"Mission labores" Mission San Jose Tip by TheWanderingCamel
Mission San Jose, San Antonio: 11 reviews and 33 photos
The farms - or "labores" - worked by the Indian converts at the missions were vital to their survival. Each mission had large populations of Indians living both within the mission area and at out-lying ranches and farms. As well as agricultural and pastoral skills, the Indians were taught skills such as black-smithing, weaving, stone masonry, carpentry and fresco painting - all essential to the construction and maintainance of the fabric of the mission buildings. They were also taught to sing and to play European musical instruments - even to dance Spanish dances. All this is evidenced today in the culture of the region - Texas ranching practice owes as much to old Spain as does the music and craftsmanship of the region.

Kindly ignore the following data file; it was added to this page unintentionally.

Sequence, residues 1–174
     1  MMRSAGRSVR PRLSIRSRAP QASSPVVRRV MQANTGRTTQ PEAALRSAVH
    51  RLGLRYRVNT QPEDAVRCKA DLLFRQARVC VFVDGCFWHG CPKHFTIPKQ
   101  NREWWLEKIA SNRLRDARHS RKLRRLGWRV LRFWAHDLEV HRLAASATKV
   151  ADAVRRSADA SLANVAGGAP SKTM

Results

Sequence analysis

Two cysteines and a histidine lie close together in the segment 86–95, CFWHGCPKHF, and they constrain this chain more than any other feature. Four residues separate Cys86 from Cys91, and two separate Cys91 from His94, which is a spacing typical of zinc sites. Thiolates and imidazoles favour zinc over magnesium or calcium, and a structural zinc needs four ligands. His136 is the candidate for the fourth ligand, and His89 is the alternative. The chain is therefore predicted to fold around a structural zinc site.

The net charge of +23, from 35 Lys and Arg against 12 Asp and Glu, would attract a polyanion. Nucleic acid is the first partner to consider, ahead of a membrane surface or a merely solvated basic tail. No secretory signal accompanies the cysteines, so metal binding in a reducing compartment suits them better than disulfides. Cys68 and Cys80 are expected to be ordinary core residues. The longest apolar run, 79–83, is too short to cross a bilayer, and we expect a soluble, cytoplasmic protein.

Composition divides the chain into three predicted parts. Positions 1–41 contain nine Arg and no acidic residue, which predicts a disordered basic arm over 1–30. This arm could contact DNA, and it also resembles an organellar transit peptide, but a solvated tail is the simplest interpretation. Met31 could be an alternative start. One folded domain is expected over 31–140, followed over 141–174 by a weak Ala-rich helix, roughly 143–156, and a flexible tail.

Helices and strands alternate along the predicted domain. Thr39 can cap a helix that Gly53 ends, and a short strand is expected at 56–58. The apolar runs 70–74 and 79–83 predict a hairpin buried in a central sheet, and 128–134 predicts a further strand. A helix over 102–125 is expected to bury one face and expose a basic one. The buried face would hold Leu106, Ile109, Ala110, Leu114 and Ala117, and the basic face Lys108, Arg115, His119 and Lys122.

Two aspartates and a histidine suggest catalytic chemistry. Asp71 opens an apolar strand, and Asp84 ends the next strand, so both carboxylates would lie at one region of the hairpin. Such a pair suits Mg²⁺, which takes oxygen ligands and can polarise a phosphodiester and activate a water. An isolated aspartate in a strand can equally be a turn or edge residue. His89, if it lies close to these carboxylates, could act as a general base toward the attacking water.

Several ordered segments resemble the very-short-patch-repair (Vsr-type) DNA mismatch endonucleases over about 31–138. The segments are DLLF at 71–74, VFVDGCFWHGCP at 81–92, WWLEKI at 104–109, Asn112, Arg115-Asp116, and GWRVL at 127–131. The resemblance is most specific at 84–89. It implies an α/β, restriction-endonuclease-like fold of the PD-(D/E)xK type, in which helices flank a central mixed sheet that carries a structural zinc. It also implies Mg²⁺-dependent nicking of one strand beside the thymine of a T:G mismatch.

The secularization of the Missions began in 1794, a process which saw the Mission lands being redistributed between families and unmarried adults, it also saw the end of communal living within the Mission compounds with the consequent falling into ruin of the Indian quarters. Mission San Jose has the most complete reconstruction of the Indian quarters of any of the missions, but anyone keen on history will find much to interest them in the ruins and grounds that surround the other missions.
Address: Roosevelt Avenue
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